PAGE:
If we all cling to our issues, using them as building blocks for our very identities, is there any hope for discussion or listening between people who think differently?

Forming identities is part of who we are as people, and we could no sooner leave behind these identities than we could cease to become human. It’s not wrong to find meaning or identity in things like gender, race, religion or politics.

The problem occurs when we can’t see around them, when we have certain ideas about people from other groups, or even our own groups, that grow so strong that we decide we don’t need to meet them, to listen to them, to hear their stories. The ideas become the people.

The Us and the Them 

In a recent article for Nautilus, author Robert Sapolsky discusses how easy it is to divide the world into an us and a them. Science shows it’s actually hard-wired into the way we think and react.

“Humans universally make Us/Them dichotomies along lines of race, ethnicity, gender, language group, religion, age, socioeconomic status, and so on. And it’s not a pretty picture.

We do so with remarkable speed and neurobiological efficiency; have complex taxonomies and classifications of ways in which we denigrate Thems; do so with a versatility that ranges from the minutest of microaggression to bloodbaths of savagery; and regularly decide what is inferior about Them based on pure emotion, followed by primitive rationalizations that we mistake for rationality.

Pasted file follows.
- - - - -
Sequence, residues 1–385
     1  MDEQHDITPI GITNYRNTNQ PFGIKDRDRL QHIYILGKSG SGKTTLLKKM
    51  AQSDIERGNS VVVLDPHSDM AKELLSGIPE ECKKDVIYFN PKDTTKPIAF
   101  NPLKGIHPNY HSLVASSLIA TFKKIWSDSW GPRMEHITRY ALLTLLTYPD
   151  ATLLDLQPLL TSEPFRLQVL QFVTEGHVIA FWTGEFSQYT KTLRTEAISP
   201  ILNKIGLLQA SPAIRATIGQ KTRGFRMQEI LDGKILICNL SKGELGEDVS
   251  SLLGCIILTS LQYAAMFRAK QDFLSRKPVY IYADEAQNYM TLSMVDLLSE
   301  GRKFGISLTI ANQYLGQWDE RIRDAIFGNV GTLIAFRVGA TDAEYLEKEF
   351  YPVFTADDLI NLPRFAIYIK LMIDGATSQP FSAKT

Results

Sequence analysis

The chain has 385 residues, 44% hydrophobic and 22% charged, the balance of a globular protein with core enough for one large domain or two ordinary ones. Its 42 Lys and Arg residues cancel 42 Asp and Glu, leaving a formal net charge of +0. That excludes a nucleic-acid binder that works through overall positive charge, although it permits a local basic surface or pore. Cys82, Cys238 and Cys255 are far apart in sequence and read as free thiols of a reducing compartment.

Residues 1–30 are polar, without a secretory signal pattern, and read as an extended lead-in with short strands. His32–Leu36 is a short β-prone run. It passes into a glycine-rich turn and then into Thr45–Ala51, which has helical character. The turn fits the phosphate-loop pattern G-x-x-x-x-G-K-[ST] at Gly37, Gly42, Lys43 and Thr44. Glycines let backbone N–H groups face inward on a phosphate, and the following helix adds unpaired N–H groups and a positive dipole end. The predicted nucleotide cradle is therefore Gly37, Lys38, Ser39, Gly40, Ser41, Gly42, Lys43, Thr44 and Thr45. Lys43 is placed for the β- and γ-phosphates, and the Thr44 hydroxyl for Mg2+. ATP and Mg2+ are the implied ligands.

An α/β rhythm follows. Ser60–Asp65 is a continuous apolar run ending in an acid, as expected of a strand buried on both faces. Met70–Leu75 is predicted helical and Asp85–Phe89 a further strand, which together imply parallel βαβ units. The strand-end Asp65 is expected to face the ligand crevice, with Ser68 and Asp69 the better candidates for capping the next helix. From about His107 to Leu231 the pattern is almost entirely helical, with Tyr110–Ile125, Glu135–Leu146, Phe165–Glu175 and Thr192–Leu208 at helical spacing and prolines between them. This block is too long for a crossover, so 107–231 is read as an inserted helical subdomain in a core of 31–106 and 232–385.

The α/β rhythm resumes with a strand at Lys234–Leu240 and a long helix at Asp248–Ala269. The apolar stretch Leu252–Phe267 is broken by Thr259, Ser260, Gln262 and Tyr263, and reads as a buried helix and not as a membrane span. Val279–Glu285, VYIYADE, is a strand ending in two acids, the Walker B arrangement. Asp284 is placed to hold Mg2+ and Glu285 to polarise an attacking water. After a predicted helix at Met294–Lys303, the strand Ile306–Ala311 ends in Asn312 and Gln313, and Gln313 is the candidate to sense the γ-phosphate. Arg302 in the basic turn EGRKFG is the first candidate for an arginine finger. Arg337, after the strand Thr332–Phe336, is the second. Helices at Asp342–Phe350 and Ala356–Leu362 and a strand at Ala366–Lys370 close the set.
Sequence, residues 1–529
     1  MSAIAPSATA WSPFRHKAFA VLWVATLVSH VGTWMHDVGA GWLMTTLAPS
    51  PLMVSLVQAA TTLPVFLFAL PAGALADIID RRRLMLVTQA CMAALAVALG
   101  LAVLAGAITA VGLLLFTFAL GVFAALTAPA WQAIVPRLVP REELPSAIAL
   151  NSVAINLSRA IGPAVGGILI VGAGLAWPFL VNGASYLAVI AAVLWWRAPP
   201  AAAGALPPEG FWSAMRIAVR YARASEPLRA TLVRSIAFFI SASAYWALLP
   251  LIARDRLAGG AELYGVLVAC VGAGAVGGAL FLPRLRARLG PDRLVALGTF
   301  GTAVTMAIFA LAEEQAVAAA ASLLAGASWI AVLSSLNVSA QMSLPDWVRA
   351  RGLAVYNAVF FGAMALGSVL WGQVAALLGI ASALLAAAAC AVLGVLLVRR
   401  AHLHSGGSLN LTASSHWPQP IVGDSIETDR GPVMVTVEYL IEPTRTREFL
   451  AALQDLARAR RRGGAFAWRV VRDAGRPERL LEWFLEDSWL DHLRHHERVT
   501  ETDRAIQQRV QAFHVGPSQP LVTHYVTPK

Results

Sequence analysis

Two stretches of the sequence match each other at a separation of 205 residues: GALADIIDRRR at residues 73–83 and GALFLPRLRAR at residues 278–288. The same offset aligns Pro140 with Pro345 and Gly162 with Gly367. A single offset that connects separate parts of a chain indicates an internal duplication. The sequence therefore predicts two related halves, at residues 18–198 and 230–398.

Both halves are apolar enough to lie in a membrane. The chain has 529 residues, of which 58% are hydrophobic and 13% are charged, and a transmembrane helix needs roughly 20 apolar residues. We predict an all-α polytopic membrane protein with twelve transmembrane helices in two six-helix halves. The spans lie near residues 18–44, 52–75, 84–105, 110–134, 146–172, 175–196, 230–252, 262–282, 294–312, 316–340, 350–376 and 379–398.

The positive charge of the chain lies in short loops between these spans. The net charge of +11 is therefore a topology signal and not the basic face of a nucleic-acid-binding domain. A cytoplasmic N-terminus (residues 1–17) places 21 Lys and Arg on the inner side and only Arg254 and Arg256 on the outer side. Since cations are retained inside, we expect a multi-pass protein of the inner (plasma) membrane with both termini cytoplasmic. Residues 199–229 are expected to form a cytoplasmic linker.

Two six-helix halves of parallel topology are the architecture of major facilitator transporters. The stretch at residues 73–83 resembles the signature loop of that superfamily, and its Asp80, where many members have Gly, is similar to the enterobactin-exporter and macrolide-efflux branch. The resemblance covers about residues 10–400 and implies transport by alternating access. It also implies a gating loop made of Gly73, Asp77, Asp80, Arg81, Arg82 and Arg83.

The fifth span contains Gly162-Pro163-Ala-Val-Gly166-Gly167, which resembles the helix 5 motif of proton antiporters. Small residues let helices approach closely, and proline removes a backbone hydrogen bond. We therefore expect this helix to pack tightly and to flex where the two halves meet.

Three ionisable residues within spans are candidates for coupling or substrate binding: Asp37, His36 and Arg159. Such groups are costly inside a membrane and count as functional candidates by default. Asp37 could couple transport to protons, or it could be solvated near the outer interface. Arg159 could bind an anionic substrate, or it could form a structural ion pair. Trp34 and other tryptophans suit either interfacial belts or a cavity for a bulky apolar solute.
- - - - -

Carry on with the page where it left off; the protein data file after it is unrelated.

Across cultures and throughout history, people who comprise Us are viewed in similarly self-congratulatory ways—We are more correct, wise, moral, and worthy. Us-ness also involves inflating the merits of our arbitrary markers, which can take some work—rationalizing why our food is tastier, our music more moving, our language more logical or poetic.

When a Them does something wrong, it reflects essentialism—that’s the way They are, always have been, always will be. When an Us is in the wrong, however, the pull is toward situational interpretations—we’re not usually like that, and here’s the extenuating circumstance to explain why he did this.

Despite that role of cognition, the core of Us/Them-ing is emotional and automatic, as summarized by when we say, “I can’t put my finger on why, but it’s just wrong when They do that.”

Haidt, the social psychologist, has shown that often, cognitions are post-hoc justifications for feelings and intuitions, to convince ourselves that we have indeed rationally put our finger on why.”